A baseline survey done with teenagers in this area in 2013 has given shocking data – 56% of teenagers under 16 already experienced having sex, 78% didn’t know how to protect themselves from STDs, 14% of teen-girls got unexpected pregnancy, and 97% didn’t prove that they had enough basic knowledge in contraception.

MCNV’s responses

Since mid-2015, MCNV has launched a project to help tackle this problem. We started with co-creation workshops with some groups of active teenagers and village health workers (VHWs) selected from two piloted communes of A Tuc and A Xing. Co-creation workshops enabled the teenagers to get basic understandings about SRH, analyse their real problems, identify practical solutions and come up with an action plan. A story-based approach was applied so that the teenagers could share true stories that happened as a consequence of unsafe sex practices in their community and, with technical support from MCNV staff and the VHWs, re-formulate the stories in the form of shadow drama and puppet shows. The teenagers then presented the shows in combination with community events and interacted with the audiences about SRH aspects related to the stories. The community events were organized every month by the teenagers with the participation of peer/interest groups – youth football clubs, and RAP and hip-hop groups.

In parallel with this way of behavior change communication, some teenagers also volunteered to sell condoms at home, which was more easily approachable to the young people. In contrast, condoms could be easily found at the commune health stations, but the teenagers would never come there to ask for.

Another solution was to use the photo-story telling technique to tell the stories in the form of animations and shared them on the social media to reach and interact more with the online community. We also used a mass instant messaging service to deliver educational messages about SRH for teenagers in this remote area in a weekly basis.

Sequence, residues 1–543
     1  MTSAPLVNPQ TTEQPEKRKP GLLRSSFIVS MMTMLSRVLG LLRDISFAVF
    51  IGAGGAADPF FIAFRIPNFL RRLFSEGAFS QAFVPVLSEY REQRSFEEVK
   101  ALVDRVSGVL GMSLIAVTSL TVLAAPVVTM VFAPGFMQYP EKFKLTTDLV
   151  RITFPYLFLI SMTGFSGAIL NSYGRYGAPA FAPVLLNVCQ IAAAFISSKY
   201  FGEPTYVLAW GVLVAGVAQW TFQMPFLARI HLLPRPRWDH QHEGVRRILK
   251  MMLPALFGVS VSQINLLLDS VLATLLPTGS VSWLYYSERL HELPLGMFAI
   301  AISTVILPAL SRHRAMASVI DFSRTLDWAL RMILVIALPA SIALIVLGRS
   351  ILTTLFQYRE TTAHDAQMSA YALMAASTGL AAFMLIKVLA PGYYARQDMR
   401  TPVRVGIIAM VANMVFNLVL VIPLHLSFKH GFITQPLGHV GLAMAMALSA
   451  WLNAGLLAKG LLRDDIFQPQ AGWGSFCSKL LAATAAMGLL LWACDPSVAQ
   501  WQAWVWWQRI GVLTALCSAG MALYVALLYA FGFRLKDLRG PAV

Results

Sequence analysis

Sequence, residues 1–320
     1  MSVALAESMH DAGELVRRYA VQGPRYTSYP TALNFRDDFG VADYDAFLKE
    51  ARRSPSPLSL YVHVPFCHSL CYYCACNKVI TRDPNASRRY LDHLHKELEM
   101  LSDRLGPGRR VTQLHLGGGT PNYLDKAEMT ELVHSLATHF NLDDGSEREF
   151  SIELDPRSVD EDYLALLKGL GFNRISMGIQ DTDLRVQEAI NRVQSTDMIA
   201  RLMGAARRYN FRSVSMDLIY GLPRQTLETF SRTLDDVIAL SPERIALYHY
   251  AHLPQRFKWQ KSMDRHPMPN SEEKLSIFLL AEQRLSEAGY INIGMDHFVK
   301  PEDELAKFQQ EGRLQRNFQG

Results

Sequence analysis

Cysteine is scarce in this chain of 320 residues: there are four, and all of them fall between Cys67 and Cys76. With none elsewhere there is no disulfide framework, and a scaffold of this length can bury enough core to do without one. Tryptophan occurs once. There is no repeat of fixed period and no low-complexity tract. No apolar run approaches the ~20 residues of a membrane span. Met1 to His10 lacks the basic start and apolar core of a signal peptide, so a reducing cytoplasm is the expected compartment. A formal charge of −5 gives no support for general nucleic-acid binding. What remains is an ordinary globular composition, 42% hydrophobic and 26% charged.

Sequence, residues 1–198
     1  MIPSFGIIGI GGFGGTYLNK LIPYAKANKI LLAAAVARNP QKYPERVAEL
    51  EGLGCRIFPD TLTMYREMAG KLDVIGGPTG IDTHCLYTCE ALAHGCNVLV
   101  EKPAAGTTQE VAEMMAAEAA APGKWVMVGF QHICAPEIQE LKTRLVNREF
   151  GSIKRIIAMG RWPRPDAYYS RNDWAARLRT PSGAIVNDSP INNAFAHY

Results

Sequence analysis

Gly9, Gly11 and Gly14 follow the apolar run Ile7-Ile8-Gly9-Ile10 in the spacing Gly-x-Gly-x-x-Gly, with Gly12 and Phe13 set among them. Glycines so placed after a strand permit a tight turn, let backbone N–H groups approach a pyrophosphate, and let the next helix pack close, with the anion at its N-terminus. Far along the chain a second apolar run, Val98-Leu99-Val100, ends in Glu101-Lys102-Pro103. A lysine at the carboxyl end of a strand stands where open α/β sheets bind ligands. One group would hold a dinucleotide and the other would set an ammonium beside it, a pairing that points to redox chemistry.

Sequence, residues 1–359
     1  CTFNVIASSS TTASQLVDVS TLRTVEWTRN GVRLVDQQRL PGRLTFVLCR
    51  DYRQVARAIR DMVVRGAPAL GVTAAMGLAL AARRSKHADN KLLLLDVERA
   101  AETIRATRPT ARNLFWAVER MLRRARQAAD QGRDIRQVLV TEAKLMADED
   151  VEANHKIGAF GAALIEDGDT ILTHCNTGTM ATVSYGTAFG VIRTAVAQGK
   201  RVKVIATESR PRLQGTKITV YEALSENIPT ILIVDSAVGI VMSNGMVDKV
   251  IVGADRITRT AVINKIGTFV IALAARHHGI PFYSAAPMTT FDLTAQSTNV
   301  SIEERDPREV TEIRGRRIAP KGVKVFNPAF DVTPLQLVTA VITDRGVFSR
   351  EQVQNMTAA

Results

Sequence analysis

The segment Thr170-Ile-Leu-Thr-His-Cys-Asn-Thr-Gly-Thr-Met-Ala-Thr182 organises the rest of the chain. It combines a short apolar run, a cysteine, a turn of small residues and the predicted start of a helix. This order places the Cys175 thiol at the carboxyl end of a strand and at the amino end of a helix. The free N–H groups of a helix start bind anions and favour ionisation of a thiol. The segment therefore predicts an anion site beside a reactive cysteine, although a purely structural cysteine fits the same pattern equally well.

Achievements

One of the most significant change, as revealed from 40 in-depth interviews and 4 focus group discussions recently with the teenagers directly involved in the project, is that they have changed their mindsets, attitudes and behaviours about SRH at teenage and actively communicated with their friends, families and neighbours to raise their awareness about this topic, which they never dared to speak out before.

Four small groups of teenagers, about 10 members each, have produced 4 shadow plays and 4 puppet shows and used them for behavior change communication events and for online communication.

An added value of the project was the increase in the teenagers’ power and motivation to make contribution to the community development, which they thought before to be the adults’ affairs. They have become more united for it, as well. There used to be tensions and conflicts among different groups of teenagers, making them not dare to go from one commune to another for fear of being beaten. Now they have become friends, instead.

Further evaluation will be done in the coming time to see changes in SRH knowledge, attitudes and practices among more than 600 teenagers and older young people in these two communes.

Future plan

We expect to maintain this project in these two communes and upscale it in other three neighboring communes of Huong Hoa district in 2017 and 2018, directly benefiting to about 1,300 teenagers and older young people. In this new phase, we will promote the role of local leaders, parent groups and schools (both high schools and secondary schools) in changing SRH practices among teenagers. In addition, we will collaborate with the district and commune health centres and the Association of VHWs in applying e-health initiatives in SRH communication.

Good practices and lessons learnt from this project will be documented and shared with relevant organisations and networks, such as UNFPA, Barefoot Guide Alliance, ARROW, ADF, WGNRR, and the Vietnam’s health sector and policy makers.